Added Value: This is where my theory about buying Blu-ray could come under some scrutiny. There aren’t a lot of BD-exclusive extras, but I would contend that this one still might be worth buying. The overall presentation of the BD release and the fact that all of the featurettes are in HD are reason enough to make this one worth picking up. But as for features that only exist on the Blu-ray release, Paramount has actually delivered a few cool BD-Live extras. There are additional “Full Mags,” which are basically longer deleted scenes; there are some additional “Dispatches from the Edge of Madness” which are extensions of the Rain of Madness documentary; and there are some relatively funny video rehearsals. Overall while it isn’t quite as good as the BD-Live content they included with Iron Man, it is a solid suite of additives.

The Final Verdict: In the end this one is really tough, as there is very little difference between the BD and 2-disc DVD release. If you can find it on sale or you are one of those folks trying to get the full value of their investment in Blu-ray then I would recommend picking it up. If you are one of those folks who is strapped for cash and looking to save a few bucks, you can’t go wrong either way. The point is that you should be buying Tropic Thunder, no matter which format you go with.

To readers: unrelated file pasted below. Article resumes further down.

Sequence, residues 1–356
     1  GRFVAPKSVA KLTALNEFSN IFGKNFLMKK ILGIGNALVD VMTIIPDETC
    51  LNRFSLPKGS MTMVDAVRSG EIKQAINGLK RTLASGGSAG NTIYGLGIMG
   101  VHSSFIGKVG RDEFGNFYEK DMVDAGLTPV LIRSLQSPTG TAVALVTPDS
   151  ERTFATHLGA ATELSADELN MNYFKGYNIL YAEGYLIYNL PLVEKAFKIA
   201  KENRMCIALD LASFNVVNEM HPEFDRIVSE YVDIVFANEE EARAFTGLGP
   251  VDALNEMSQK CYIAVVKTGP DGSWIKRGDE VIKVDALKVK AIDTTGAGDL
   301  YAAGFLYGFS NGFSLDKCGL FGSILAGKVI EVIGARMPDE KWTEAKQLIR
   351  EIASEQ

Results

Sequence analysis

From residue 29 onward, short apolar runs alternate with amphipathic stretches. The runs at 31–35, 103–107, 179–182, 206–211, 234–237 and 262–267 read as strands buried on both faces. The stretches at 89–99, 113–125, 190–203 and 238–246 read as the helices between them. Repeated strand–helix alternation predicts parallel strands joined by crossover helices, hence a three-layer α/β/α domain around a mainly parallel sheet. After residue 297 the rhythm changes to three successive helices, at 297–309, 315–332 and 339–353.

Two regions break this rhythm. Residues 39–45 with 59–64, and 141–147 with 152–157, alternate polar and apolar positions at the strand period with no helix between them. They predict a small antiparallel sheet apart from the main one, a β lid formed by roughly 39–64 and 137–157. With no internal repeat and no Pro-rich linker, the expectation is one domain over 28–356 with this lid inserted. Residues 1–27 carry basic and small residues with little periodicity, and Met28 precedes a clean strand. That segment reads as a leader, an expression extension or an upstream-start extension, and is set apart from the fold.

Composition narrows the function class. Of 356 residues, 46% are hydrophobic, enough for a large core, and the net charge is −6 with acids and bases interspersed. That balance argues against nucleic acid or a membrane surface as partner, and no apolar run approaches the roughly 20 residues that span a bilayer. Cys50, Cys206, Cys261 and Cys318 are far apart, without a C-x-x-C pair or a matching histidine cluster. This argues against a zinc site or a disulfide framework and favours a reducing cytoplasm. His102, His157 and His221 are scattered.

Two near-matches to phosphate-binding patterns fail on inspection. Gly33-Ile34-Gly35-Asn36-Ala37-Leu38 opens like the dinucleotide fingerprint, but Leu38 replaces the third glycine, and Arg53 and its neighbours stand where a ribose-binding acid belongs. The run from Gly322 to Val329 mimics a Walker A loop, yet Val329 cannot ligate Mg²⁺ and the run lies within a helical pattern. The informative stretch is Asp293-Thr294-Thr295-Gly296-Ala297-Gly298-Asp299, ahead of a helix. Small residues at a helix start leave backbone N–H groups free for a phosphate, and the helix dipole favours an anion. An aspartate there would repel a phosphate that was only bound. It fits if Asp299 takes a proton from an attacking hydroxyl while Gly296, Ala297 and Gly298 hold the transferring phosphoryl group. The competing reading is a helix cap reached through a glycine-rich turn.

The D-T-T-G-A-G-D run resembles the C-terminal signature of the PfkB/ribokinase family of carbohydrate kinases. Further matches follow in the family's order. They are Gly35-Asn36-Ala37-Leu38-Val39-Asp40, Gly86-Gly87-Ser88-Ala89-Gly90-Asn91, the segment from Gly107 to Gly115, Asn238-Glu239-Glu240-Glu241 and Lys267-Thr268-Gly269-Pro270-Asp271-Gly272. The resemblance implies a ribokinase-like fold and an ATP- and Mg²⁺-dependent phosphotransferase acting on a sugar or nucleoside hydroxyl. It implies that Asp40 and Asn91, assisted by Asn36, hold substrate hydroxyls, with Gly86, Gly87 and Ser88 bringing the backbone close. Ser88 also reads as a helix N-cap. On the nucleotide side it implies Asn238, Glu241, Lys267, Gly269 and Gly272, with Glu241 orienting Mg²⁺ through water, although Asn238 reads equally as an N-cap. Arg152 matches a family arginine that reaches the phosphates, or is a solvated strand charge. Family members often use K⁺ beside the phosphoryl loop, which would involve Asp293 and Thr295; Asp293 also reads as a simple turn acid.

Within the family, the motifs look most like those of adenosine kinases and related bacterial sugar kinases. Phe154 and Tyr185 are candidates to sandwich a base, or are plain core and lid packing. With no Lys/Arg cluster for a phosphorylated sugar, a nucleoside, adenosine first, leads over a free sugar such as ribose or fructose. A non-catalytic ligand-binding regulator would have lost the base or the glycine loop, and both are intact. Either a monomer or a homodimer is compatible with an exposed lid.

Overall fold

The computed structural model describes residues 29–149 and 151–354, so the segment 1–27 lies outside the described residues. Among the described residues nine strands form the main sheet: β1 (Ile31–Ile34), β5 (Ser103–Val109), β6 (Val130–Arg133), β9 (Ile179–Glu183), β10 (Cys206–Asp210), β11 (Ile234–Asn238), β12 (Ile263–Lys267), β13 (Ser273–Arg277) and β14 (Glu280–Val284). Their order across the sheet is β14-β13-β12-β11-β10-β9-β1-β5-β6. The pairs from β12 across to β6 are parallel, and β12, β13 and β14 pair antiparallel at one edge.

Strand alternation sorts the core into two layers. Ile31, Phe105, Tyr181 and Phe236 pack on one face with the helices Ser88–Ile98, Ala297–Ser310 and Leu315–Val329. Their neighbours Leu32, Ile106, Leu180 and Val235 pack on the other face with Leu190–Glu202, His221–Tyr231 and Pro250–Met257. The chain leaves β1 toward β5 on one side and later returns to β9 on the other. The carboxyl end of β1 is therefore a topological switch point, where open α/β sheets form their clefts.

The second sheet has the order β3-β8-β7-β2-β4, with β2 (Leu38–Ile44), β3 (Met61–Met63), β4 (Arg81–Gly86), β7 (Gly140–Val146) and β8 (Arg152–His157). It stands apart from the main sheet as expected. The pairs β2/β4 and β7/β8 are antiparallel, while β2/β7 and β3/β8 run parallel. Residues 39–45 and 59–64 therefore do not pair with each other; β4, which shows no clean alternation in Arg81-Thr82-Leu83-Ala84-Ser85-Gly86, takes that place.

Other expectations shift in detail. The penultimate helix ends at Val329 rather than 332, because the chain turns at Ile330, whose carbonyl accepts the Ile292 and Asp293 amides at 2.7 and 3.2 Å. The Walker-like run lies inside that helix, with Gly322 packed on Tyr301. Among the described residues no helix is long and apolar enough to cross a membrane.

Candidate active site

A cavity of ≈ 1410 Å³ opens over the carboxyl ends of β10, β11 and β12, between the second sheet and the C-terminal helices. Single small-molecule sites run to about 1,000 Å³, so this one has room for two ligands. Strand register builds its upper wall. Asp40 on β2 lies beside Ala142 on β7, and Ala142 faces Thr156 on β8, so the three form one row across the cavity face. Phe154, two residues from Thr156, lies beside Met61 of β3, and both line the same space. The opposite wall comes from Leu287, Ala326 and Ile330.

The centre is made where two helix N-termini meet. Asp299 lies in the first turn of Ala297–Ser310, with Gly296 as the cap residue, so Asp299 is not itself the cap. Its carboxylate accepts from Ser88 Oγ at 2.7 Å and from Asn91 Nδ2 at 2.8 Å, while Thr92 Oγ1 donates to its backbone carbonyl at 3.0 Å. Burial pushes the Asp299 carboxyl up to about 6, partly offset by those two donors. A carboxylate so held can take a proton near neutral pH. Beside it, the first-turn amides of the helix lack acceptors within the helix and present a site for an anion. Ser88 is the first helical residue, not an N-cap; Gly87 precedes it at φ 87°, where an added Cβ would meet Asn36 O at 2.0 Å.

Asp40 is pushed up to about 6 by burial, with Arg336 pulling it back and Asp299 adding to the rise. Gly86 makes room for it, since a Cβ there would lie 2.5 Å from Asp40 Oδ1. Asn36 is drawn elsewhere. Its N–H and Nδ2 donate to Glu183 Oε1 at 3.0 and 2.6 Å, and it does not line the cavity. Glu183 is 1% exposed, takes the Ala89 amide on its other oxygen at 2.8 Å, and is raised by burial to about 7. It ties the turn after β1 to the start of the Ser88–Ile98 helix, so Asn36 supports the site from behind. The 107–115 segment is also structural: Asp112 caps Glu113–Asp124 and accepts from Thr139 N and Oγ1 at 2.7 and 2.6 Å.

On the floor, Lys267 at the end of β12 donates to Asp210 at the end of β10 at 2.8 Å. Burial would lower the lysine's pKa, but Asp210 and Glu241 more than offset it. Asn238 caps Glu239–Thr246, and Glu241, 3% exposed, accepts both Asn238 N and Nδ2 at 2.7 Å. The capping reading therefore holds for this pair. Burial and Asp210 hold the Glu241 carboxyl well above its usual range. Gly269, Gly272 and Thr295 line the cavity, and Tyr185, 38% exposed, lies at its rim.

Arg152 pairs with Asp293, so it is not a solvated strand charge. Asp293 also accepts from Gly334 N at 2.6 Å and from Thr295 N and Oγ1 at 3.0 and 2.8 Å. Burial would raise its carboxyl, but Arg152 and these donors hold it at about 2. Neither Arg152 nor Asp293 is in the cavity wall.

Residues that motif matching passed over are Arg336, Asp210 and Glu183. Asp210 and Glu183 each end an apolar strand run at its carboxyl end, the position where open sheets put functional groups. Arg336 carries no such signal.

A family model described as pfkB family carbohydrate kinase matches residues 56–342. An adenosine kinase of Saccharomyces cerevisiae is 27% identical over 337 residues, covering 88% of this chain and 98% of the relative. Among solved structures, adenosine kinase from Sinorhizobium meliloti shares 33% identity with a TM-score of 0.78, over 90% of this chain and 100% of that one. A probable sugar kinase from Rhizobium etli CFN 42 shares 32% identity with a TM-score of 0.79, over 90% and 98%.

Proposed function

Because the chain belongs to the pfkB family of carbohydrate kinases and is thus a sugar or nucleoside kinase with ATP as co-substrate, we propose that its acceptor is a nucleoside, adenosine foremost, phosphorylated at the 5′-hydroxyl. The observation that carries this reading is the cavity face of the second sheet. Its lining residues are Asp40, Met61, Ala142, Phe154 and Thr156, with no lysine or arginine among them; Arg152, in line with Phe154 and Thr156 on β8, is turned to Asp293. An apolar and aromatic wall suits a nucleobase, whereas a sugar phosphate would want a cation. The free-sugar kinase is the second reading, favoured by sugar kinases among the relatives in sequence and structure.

Mirrormask (November 18)

Review by Brian Gibson

MirrorMask on Blu-rayIf you are a child of the 1980′s you can probably remember the sometimes strange but magical world of Jim Henson’s creations. From Labyrinth and The Dark Crystal to The Muppets and Fraggle Rock, Henson’s creations were always original and mesmerizing. The world’s that he created were also as interesting, and could even be considered characters themselves. With Henson’s passing almost twenty years ago, it has been a long time since we have had a film like his roll around. Leave it to Neil Gaiman to create another Henson-esque world, inspired by Labyrinth, for us to get lost in. So just like with the 15 year old Sarah in Labyrinth, we are now asked to take a journey with a 15 year old Helena in MirrorMask.